Reasons not to use WordPress

Reasons not to use WordPress

WordPress (WP) is an open-source Content Management System (CMS), which means that anyone can download, install, use and modify the software for free.

When it was launched in 2003 WordPress was designed to publish online blogs. Nearly 20 years on it has become the most popular content management website platform on the internet, with over over 40% of the websites using it’s core code. Now a huge open-source ecosystem of plugins and themes has evolved where users can create any type of website and buy tools, graphics or addons to enhance it.

A large reason for the popularity is that anyone with a computer can be a part of the marketplace by selling or buying code from a huge customer base. This large DIY market has fueled it’s growth but also created an unregulated monster.

If you are considering Wordpress, there are definitely some tradeoffs that website owners should be aware of before committing to the system.

Here is a brief outline of some of the challenges you can expect:

The WordPress code is bloated

As mentioned WP began it’s life as a blogging software and the core itself does not have a great deal of functionality. To keep up with the design and functionality expectations of the internet over the last 20 years developers have just added more and more code to the platform with no checks and balances. The marketplace has driven the demand for flashy, highly engaging graphics and complex device friendly functionality which can look good but is often built with second rate development and bloated code.

Bloated code slows down the speed of a site, is hard to modify and can become highly dependent on unreliable third party plugins to fix. These plugins are created by unknown developers with no guarantee they will work or be supported into the future.

Security issues

WordPress’s global popularity and open-source code also makes it the perfect target for hackers.

Out of the box WP is not really secure. Most of the breaches mainly occur due to vulnerable third party themes and plugins. The average WP site might have more than 15 plugins for it to function well on the internet, each created by small third party developers. These plugins can create cracks in the security wall that hackers use to corrupt a site. For example, the default setting of WP installations allows an unlimited number of login attempts. Making it easy for attackers to force their way in.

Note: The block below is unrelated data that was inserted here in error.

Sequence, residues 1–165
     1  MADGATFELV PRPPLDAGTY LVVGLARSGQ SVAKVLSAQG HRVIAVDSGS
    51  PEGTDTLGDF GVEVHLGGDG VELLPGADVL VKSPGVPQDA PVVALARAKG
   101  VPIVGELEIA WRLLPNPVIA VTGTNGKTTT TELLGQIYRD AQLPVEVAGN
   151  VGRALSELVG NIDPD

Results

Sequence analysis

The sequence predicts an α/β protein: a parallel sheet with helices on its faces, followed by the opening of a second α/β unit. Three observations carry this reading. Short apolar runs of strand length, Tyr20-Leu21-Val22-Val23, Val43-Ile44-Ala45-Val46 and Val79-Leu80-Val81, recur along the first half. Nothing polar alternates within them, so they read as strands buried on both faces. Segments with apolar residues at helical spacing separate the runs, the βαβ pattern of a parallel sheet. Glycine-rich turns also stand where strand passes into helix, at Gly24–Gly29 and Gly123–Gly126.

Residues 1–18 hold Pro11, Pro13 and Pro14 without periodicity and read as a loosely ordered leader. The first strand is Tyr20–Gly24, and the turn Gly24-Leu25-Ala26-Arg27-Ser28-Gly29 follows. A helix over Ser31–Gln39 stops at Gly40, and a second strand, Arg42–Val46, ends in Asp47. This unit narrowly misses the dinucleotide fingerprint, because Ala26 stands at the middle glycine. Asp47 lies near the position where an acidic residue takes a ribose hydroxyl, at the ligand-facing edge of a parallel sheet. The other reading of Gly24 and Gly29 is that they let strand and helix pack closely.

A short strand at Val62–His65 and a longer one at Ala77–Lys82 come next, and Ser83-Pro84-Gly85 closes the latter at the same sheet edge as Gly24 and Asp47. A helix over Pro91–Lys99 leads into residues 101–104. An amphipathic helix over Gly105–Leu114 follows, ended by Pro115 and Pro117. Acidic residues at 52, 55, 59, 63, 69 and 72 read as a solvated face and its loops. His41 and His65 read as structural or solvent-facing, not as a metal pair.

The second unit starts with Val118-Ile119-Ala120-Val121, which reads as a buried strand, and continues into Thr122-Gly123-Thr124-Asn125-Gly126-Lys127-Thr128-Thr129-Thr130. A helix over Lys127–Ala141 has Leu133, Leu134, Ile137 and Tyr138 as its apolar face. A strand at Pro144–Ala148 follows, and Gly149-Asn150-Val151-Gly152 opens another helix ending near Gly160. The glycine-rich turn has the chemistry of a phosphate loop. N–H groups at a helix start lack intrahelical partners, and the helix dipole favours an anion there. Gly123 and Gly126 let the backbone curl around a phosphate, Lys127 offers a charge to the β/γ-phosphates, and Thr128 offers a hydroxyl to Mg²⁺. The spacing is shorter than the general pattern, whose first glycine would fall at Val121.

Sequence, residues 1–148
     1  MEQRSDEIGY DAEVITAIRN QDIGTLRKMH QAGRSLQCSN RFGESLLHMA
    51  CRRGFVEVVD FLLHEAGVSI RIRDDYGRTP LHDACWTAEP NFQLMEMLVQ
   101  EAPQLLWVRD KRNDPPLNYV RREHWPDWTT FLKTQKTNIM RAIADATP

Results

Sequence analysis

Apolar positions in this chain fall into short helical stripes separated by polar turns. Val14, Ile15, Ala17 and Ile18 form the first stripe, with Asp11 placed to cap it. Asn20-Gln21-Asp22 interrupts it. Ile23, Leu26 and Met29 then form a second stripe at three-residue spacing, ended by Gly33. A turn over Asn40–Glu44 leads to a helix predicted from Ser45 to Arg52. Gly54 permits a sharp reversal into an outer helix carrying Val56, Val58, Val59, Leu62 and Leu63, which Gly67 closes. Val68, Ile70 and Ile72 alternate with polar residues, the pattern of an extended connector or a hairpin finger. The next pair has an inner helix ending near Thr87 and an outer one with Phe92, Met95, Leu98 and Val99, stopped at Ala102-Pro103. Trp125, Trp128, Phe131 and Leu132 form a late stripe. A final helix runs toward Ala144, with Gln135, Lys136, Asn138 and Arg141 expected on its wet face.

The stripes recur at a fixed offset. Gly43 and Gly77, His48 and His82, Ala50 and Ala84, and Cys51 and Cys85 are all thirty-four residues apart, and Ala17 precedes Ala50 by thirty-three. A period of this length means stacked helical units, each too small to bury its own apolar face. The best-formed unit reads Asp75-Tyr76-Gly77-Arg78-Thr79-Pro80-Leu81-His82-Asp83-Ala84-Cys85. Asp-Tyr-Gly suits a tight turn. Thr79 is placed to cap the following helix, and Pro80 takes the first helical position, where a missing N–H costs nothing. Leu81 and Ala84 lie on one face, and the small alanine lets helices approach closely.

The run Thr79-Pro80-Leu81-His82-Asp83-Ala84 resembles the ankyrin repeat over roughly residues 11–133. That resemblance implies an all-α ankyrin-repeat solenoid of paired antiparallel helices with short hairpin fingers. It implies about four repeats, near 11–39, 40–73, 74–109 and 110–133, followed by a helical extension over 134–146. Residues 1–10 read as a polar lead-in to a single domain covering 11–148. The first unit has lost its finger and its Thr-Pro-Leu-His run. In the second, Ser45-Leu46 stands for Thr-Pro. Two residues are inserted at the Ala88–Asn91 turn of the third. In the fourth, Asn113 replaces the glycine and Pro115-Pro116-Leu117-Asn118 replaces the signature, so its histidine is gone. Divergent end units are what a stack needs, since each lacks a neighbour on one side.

Software updates

WP needs regular updates to keep the platform functioning and secure. Depending on your hosting agreement, updates normally need to be done manually. This takes time and increases the ongoing maintenance costs.

Another risk with the many updates required on a WP site is that they can often have compatibility issues with other plugins, forcing functionality to break and requiring expensive maintenance fixes. It is also quite common for third party developers to stop supporting their plugins completely, creating an even bigger problem.

Design restrictions

WP is very restrictive for designers. Most of the themes look very similar and unfortunately other than changing colours and fonts you are stuck using the theme as the original designer intended.

Unfortunately making specific adjustments to theme elements that may suit your brand are just not worth pursuing. Settings can be found all over the place and what can seem like simple design adjustments can take forever.

Themes can also come with design bugs that are hard to fix and the original developers hard to contact.

WordPress does not have special SEO powers

As with most quality Content Management Systems, SEO comes down to the knowledge of the people who build the website and the speed of the server they are hosted on.

A WP site with bloated code, on a cheap hosting service, built by inexperienced developers can easily turn out to be the opposite of search engine friendly and difficult to repair.

The page load speed of a website is critical to search engine rankings. WP is notorious for being slow. Needless to say that slow sites don’t rank well!

WIt might be free but not cost effective

Compared to SaaS (Software as a Service) platforms WP is dependent on a high amount of ongoing support and maintenance.

  • The site will need to be hosted and maintained by yourself.
  • Due to security flaws updates and testing are required monthly.
  • Updates often need to be installed manually which takes time.
  • Ongoing maintenance can often be required to fix incompatibility and bugs.
  • A lot of functionality means a lot of plugins which are not always for free.
  • Secure, fast and maintained hosting environments come at a premium cost.

WordPress alternatives

There is no such thing as the best solution or the one and only system you should use. Different businesses have different needs and budgets to work with. A system which might be suitable for one organisation might not be suitable for another.

Even after all that you have read here, you may believe the benefits of going with WP as a website platform more suit your purposes, which is fine.

However here are some alternative systems we can recommend for small and medium businesses:

  • Treepl CMS + Ecommerce
  • Siteglice CMS + Ecommerce
  • Maropost Ecommerce (Neto) Ecommerce
  • Shopify
  • BigCommerce
  • Duda
  • Wix
  • Squarespace + Ecommerce

If you would like some further advice or assistance selecting the right CMS we are happy to catch up via zoom or over a coffee to talk about your best options.